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NTT Communications Turns to the Cloud for Japanese Language Study

July 21, 2015

Learning Japanese is regarded as one of the most difficult linguistic endeavors, seconded perhaps only by Chinese (Mandarin or Cantonese), Korean or Arabic. Together, these languages form a list that Effective Language Learning describes as “languages which are exceptionally difficult for native English speakers.” But NTT Communications wants to make learning Japanese a bit easier, and has turned to the cloud to do so with its new Visual Learning .Japanese (VLJ) system.

VLJ was developed for the foreign-based employees of Japanese firms, and allows said employees to access the system from not only personal computers, but also from mobile devices, meaning that it's available pretty much anywhere the employee is. NTT isn't just offering VLJ by itself; it's said to have been partnered with the Shinjuku Japanese Language school since October of 2013, and the result is a blend of online and offline training methods that should push fluency in Japanese. Since it's available on largely a self-study basis, it allows language training to be better fit into the various holes in a student's life, meaning that there doesn't have to be a routine appointment made to attend language classes.

The VLJ Basic course is said to take 96 lessons over a period of six months, and upon completion, should yield Japanese mastery sufficient to match the Japanese Language Proficiency Test (JLPT) N5. It focuses on business language, including the correct honorifics and means of introducing oneself as well as responding to phone queries. The lessons last about 15 minutes each, and can be taken at a rate of more than one at a time for those with more time available. One of the biggest problems with such a system, however, is that sometimes students can fall behind. That's a point VLJ actually addresses, with means available for managers to check on students' progress.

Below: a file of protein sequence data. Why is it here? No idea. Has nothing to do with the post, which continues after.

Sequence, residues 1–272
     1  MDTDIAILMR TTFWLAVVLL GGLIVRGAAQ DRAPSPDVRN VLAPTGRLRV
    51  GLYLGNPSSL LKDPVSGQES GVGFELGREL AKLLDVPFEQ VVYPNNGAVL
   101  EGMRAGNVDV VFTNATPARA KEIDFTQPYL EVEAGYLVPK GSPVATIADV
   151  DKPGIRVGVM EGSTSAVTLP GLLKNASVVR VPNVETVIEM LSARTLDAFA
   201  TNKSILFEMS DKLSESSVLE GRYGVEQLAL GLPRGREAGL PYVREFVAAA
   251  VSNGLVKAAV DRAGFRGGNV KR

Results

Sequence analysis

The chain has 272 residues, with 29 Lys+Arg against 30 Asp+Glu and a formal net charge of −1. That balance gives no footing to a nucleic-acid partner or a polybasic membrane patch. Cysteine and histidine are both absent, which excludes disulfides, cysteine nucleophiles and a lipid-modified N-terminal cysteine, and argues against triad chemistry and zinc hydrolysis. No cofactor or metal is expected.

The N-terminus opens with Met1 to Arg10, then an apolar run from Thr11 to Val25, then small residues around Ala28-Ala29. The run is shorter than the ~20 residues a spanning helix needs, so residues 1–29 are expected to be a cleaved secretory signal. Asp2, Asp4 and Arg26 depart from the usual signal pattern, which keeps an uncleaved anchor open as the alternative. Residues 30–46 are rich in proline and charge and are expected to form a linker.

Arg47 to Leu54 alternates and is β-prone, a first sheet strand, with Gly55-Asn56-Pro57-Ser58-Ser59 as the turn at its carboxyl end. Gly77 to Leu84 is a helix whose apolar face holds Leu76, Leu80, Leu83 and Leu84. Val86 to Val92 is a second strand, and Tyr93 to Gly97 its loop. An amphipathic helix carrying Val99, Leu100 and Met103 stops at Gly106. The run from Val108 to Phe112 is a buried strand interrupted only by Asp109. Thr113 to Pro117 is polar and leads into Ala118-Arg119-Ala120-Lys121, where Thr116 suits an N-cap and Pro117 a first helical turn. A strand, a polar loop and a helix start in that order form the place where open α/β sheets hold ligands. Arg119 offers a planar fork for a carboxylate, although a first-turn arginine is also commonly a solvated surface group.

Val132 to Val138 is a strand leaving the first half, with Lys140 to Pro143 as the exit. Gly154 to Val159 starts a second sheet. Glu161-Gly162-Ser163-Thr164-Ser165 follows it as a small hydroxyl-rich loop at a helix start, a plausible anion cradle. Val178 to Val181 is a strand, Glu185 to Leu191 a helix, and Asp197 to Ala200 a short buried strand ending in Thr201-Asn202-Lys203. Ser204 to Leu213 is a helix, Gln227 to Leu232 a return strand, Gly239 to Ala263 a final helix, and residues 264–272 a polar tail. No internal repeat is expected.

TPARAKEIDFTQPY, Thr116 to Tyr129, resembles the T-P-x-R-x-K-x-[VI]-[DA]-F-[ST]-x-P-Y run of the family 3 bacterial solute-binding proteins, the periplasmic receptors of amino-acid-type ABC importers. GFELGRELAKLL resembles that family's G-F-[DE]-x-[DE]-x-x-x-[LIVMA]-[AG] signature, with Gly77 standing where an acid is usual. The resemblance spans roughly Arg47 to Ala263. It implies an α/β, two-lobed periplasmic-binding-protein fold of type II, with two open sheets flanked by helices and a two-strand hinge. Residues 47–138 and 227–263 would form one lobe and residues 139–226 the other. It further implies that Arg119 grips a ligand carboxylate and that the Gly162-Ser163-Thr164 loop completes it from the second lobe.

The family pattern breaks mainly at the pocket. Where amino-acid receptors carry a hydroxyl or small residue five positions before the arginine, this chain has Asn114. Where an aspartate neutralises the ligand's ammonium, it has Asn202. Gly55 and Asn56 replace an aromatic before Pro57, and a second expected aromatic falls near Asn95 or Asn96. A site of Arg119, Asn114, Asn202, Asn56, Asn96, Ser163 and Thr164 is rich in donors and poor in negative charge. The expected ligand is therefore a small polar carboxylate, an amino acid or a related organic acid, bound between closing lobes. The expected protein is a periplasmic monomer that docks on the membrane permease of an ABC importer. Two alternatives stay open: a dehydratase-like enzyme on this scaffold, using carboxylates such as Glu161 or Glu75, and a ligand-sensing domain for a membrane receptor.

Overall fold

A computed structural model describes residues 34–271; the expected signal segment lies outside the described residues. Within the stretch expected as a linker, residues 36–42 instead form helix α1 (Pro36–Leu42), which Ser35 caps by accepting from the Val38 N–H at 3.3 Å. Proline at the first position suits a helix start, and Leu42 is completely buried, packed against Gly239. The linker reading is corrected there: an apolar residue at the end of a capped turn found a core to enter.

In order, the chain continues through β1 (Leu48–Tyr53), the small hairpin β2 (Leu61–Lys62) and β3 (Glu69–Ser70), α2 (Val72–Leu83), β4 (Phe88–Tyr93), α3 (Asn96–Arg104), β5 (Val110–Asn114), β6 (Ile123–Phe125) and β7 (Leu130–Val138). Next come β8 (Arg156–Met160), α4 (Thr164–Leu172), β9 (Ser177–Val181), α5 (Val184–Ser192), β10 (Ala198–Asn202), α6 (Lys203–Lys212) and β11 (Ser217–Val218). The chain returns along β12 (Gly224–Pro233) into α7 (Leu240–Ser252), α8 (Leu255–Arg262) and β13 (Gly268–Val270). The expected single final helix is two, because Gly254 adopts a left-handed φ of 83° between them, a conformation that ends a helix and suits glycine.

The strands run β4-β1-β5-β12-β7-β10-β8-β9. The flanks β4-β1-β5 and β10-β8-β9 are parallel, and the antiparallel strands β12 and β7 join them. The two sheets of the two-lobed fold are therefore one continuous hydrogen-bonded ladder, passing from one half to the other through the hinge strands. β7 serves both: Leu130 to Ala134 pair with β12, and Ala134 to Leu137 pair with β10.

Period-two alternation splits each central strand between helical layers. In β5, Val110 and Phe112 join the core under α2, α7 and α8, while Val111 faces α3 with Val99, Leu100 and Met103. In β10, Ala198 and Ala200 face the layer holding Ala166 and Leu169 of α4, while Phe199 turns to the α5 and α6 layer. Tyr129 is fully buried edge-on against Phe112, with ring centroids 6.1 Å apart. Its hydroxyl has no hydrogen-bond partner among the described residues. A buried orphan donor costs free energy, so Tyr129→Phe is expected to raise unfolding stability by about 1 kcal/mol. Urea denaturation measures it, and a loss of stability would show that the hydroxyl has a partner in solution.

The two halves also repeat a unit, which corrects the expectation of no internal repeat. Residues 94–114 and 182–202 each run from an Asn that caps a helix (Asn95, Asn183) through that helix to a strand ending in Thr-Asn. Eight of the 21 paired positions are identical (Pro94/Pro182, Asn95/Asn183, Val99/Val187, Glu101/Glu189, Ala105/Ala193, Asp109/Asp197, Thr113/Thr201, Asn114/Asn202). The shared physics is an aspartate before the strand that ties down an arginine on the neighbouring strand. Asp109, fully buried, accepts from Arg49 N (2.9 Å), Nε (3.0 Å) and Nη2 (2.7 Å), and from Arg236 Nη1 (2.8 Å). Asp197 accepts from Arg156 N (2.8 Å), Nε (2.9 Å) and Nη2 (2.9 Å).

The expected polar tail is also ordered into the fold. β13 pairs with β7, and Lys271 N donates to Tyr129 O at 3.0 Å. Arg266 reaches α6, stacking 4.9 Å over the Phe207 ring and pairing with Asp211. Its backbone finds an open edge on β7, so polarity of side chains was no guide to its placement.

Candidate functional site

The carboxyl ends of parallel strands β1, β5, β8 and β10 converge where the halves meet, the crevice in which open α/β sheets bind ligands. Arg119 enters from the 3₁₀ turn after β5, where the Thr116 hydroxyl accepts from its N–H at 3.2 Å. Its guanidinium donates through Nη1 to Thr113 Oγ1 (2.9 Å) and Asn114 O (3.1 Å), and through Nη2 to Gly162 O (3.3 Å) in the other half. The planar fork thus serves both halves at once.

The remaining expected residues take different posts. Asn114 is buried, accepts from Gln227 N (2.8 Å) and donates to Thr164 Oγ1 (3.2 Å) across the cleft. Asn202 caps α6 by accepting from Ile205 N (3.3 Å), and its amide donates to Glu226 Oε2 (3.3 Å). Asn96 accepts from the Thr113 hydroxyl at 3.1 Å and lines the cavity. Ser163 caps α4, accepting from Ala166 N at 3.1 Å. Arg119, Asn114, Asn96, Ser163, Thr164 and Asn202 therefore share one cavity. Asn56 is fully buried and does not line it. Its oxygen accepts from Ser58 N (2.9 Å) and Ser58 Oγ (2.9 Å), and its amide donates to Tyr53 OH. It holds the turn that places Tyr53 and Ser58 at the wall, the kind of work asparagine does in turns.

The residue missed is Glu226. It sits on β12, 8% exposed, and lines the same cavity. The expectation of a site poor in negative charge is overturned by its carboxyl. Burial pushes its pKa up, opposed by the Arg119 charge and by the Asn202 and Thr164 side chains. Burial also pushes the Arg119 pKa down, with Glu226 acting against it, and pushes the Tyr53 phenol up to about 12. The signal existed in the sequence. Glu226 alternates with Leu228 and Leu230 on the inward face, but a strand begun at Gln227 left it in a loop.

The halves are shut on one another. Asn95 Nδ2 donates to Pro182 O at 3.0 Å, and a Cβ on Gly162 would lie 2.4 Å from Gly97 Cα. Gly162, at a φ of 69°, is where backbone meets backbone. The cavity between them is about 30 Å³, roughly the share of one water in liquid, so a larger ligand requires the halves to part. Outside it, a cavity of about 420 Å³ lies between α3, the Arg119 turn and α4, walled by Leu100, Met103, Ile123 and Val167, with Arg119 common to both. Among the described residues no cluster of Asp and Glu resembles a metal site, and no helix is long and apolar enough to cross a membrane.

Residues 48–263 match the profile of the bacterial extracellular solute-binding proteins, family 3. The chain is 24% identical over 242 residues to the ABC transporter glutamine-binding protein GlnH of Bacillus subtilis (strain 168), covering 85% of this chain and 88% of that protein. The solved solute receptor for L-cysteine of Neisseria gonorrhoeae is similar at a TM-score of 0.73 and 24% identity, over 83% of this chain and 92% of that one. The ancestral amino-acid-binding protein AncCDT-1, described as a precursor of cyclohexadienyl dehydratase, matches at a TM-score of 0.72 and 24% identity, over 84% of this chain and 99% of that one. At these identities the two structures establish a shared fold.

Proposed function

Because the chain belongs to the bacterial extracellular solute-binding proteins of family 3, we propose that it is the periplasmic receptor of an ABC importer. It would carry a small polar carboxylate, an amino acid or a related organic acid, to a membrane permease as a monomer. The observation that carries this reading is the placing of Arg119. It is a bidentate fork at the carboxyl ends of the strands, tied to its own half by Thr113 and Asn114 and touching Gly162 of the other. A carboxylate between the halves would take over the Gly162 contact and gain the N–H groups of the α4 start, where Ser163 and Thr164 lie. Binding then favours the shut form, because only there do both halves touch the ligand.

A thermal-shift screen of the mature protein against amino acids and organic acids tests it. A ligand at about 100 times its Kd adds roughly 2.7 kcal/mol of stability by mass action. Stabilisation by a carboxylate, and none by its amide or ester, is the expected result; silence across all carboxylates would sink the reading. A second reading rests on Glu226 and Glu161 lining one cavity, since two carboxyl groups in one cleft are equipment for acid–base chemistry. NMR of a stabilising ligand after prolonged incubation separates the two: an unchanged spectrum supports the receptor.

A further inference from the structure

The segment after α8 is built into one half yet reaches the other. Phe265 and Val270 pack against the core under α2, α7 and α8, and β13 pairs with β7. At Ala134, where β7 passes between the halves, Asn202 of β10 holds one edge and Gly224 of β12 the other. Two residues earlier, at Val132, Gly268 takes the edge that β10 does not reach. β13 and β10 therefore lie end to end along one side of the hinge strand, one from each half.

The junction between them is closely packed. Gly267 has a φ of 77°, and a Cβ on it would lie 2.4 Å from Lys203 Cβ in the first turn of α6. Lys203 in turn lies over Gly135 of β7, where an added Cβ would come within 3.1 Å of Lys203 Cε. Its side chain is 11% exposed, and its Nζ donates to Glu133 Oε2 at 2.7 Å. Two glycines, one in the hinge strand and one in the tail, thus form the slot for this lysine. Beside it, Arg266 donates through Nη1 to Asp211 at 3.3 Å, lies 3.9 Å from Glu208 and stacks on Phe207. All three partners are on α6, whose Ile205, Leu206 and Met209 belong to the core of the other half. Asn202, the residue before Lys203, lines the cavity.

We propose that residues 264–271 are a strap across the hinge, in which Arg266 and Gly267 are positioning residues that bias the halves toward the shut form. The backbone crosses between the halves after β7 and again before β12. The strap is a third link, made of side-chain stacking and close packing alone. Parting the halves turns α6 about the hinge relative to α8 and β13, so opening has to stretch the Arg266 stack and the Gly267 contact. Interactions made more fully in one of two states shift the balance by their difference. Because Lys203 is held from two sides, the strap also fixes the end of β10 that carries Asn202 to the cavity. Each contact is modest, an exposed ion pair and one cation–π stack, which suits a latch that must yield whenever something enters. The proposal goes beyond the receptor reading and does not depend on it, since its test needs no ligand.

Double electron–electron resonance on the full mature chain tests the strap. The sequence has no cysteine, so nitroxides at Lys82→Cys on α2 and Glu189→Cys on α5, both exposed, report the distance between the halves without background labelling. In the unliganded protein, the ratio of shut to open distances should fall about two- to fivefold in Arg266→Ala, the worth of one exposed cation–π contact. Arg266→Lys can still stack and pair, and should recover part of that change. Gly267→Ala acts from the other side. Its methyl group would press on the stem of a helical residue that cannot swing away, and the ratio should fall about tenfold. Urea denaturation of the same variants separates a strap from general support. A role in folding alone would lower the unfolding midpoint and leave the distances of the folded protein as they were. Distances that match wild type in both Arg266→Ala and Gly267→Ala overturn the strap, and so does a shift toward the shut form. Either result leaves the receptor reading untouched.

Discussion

The course uses the Ezoe Method, developed by SNG Principal Takahide Ezoe. The Ezoe method involves the uses of color-coded cards to indicate the various parts of speech involved, as well as the regular use of gestures to help achieve mastery.

Image via Shutterstock 

While some here might respond that we need foreign language studies less than ever now as real time communications methods have given us a variety of translation measures available at minimal costs, it's worth noting that the mere act of language study has beneficial effects of its own. Some studies have found links between language studies and improved cognitive abilities, even going so far as to suggest that age-related cognitive losses can be offset with studying foreign languages. These are worthwhile goals for individuals, but perhaps even more so for companies, as more baby boomers, unable to retire, remain in current positions.

For those looking to learn Japanese, there are a variety of means out there to accomplish this task covering a wide variety of use cases from books to in-person classes. But VLJ, with its cloud-based technology focus, might have the necessary mix of ease of use and flexibility to make for the most effective means around.

Edited by Dominick Sorrentino

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